• Although the above has been described with reference to mixing two 3D images, the invention is not so limited. For example, it is possible to use the above technique to mix a 2D image (such as a logo) with a 3D image. For each pixel in the 2D image a depth is provided. Indeed, with the above technique two images can be edited together using the depth plane. For example, one image may wipe to a second image using the depth plane. This will be referred to hereinafter as a “z-wipe”.
  • Z-Wipe
  • Although the foregoing has been explained with reference to stereo pairs, the selection of a foreground pixel given a depth map for two images which are to be mixed together is not so limited. By mixing two images using the depth plane information, it is possible to perform numerous effects using the depth plane of the image. For example, it is possible to wipe from one image to another image using the depth plane. In other words, it is possible to create an editing technique where it appears to the viewer that one image blends into another image from behind. Additionally, it is possible to wipe from one image to another image only at a certain position in the depth plane. Alternatively, one may use the depth plane as a key for editing effects. For example, it may be possible to place one image over another image only at one depth value. This may be useful during live broadcasts where presently chroma keying (commonly called blue or green screening) is used. One image, such as a weather map, would be located at a depth position and the above technique would select, for each pixel position, whether the image of the weather presenter or the weather map would be in the foreground. Clearly, many other editing techniques could be envisaged using the depth plane as would be appreciated by the skilled person.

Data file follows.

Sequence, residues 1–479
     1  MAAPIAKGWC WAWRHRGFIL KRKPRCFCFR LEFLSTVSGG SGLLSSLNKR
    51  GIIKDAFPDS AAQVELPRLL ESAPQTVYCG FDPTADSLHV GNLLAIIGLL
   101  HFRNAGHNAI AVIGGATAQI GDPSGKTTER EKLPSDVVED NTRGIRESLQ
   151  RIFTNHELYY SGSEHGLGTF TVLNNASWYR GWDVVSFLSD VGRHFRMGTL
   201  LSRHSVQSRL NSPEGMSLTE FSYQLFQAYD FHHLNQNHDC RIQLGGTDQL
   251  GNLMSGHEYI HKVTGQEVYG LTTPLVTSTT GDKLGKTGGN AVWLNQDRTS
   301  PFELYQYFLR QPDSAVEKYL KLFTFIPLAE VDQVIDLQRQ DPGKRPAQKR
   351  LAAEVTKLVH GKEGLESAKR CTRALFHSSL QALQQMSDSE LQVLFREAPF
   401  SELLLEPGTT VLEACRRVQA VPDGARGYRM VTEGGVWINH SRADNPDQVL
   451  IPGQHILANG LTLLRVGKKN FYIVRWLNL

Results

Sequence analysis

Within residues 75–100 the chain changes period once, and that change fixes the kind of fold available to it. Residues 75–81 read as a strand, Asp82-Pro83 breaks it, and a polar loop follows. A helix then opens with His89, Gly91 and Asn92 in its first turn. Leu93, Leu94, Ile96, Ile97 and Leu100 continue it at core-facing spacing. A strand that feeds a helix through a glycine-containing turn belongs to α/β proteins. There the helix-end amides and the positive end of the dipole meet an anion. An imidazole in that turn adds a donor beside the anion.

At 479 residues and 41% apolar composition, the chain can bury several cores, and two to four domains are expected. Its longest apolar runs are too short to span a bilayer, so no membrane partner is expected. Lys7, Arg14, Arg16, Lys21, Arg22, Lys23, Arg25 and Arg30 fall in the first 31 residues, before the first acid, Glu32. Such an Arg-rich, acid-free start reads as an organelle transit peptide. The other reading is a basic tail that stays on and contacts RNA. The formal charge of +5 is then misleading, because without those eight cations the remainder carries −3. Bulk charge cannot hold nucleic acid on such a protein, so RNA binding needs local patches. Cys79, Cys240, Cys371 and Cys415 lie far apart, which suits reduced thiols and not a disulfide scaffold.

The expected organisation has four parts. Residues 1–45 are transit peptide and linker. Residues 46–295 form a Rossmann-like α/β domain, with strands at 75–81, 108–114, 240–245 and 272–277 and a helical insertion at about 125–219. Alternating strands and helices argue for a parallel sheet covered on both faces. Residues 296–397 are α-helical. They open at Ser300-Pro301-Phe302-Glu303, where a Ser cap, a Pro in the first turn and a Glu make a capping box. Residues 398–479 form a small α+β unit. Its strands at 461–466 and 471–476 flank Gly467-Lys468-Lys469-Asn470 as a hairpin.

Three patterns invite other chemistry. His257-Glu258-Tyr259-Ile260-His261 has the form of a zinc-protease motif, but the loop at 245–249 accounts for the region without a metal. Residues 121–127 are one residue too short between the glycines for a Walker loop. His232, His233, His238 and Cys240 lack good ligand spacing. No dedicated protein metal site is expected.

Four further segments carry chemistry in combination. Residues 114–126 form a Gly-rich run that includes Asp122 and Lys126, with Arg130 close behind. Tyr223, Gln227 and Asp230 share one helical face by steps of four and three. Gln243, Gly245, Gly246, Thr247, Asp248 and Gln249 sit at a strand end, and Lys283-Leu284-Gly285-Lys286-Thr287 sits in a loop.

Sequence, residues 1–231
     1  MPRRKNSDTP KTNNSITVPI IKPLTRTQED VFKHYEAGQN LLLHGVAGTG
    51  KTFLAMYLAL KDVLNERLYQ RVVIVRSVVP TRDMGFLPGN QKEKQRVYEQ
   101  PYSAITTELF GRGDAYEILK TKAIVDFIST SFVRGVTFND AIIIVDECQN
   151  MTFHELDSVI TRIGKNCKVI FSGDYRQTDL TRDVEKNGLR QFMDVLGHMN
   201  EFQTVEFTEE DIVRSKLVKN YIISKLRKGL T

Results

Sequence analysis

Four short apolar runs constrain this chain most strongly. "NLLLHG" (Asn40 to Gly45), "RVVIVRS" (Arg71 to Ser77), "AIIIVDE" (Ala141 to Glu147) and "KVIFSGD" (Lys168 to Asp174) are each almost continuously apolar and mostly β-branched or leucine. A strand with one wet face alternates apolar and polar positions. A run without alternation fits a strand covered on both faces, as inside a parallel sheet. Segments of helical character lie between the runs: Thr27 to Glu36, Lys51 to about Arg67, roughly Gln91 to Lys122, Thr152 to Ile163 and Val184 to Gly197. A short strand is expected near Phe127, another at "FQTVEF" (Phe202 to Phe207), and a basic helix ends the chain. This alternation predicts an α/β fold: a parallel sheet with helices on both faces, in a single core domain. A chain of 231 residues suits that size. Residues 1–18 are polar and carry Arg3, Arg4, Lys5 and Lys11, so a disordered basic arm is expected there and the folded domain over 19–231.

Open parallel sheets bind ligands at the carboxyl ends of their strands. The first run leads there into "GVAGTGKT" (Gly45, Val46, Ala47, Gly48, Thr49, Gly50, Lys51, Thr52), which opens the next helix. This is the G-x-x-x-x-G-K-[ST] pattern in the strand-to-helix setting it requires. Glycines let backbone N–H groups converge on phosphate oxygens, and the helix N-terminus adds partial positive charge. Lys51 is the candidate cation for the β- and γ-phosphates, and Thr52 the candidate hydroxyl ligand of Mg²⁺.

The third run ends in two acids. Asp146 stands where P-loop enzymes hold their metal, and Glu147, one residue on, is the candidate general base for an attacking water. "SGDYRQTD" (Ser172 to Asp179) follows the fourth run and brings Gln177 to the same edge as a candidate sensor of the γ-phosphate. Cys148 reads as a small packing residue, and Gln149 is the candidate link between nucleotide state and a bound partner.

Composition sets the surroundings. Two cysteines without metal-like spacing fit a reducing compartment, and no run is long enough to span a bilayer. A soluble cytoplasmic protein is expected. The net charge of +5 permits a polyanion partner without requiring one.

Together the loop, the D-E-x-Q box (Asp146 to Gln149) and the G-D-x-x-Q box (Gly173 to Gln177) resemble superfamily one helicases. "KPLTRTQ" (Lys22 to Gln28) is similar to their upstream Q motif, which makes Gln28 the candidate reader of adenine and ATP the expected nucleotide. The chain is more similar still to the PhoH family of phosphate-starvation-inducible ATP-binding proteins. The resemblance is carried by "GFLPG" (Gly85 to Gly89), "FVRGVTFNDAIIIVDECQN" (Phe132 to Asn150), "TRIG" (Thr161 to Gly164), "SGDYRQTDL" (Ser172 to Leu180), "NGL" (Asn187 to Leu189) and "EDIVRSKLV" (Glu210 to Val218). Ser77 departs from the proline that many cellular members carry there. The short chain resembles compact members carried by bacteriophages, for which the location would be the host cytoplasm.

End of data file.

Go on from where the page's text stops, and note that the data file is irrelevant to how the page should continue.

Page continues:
• Depth Map Generation
  • As noted above, in embodiments of the present invention, the depth map will be generated. The depth of each pixel point in the image can be generated using a number of predetermined algorithms, such as Scale Invariant Feature Transform (SIFT). However, these depth maps are either very densely populated and accurate but slow to produce, or not so densely populated but quick and computationally efficient to produce. There is thus a need to improve the accuracy and density of produced depth maps whilst still ensuring that the depth maps are producing computationally efficiently. An aim of embodiments of the present invention is to address this.
  • FIG. 7 shows a stereo image pair 700 captured using a stereoscopic camera having a parallel lens arrangement. In the left eye image 705, there is a cube 720A and a cylinder 715A. As will be apparent, from the left eye image 705, the cylinder 715A is slightly occluded by the cube 720A. In other words, in the left eye image 705 the cube 720A is positioned in front of the cylinder 715A and slightly obstructs the left eye image 705 from seeing part of the cylinder 715A. The right eye image 710 captures the same scene as the left eye image 705 but from a slightly different perspective. As can be seen, the cube 720B is still located in front of the cylinder 715B but in the right eye image 710, the cube 720B does not occlude the cylinder 715B. In fact there is a small portion of background 740B between the cube 720B and cylinder 715B. As will be also seen, the left side of the cube 725A is visible in the left eye image 705 but is not visible in the right side image 710. Similarly, the right side of the cube 725B is visible in the right eye image 710 but is not visible in the left eye image 705.